The difference between Localization and Translation

There is a fine line between localization and translation, but according to the definitions, these two activities are different. Translation consists in transposing a text in an original language into another language, the target language. On the other hand, localization requires further work. It goes beyond mere translation by adding a cultural aspect in order to adapt the product to the local needs in the best way possible.

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Localization is often mistaken with translation. The difference between the 2 concepts is hard to grasp for some people and therefore the importance of the processes of localization is often underestimated, like adapting the non-textual components of a product or a service. For instance, let’s take the adaptation of graphs, the adoption of local currencies, the use of specific date formats, addresses or phone numbers, the choice of colors and many other details. These modifications can lead to the complete physical restructuration of a project. The purpose of all these changes is to avoid any misunderstanding with the local culture and customs and also adapt to the specific needs and desires of a population when entering a foreign market.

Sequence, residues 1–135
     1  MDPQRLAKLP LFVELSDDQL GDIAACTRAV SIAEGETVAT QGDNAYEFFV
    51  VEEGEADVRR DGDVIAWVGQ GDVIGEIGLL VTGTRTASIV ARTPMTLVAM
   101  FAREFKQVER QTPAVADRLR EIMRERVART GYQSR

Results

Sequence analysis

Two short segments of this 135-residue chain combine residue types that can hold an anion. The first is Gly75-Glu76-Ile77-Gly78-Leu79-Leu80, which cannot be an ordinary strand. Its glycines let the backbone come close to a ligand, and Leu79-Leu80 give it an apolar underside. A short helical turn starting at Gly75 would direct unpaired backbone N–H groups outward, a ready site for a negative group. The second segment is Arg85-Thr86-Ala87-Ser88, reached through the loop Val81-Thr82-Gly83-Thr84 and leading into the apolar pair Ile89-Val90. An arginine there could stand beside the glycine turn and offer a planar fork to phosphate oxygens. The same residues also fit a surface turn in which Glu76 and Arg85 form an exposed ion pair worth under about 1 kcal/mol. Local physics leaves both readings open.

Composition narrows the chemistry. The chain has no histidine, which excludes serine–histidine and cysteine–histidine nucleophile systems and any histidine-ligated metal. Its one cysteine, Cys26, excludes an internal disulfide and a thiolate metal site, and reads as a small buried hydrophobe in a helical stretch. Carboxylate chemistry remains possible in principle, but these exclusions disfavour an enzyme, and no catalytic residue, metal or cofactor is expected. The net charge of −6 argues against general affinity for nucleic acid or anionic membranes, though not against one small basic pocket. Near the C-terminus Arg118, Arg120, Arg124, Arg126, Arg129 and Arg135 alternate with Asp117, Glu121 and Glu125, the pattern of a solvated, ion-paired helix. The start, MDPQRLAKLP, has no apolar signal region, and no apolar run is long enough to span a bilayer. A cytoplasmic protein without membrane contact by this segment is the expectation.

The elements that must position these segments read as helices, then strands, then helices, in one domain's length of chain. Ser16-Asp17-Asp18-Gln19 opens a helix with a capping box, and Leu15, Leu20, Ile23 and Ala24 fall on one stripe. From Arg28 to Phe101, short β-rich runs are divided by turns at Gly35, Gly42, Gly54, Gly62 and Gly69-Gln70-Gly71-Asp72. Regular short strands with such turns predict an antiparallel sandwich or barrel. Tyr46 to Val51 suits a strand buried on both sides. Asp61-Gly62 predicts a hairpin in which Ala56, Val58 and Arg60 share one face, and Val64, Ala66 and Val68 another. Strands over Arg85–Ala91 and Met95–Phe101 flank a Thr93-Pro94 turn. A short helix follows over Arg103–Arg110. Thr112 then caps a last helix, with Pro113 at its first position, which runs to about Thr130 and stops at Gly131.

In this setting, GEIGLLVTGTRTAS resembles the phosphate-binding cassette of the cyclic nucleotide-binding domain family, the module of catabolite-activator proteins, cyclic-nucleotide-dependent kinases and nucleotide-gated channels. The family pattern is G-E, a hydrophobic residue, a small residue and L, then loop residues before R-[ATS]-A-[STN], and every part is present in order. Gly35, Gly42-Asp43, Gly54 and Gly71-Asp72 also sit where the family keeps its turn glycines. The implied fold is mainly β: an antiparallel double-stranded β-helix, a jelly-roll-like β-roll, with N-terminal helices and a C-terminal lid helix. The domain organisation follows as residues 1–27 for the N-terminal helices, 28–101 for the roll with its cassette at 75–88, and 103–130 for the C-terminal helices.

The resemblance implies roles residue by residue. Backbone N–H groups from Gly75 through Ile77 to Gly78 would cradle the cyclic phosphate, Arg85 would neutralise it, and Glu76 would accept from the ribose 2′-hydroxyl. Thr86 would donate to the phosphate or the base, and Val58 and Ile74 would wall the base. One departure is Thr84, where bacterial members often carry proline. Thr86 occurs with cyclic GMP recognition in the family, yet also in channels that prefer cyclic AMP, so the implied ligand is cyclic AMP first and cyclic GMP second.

The localization service is a direct consequence of the increasing internationalization of global trade. That’s why many translation agencies are hired to localize products. They will mostly be asked to localize computer products, like translating software and its documentation, as well as websites or more “traditional” documents such as leaflets, packaging, pictures, etc.

Localization is a process in which the culture of the target audience is taken into consideration. The translator knows about the characteristics of the target language and is thus able to perceive its nuances. This requires a thorough understanding of the rules that govern both the original and the target culture. In that sense, it may be said that the process of localization simply is a more advanced and complete version of translation.

But be careful, translation is a vital step that remains at the heart of the process of localization.

Written by Anne-Laure ZAMARRENO

Translated by Nathan HERMANCE

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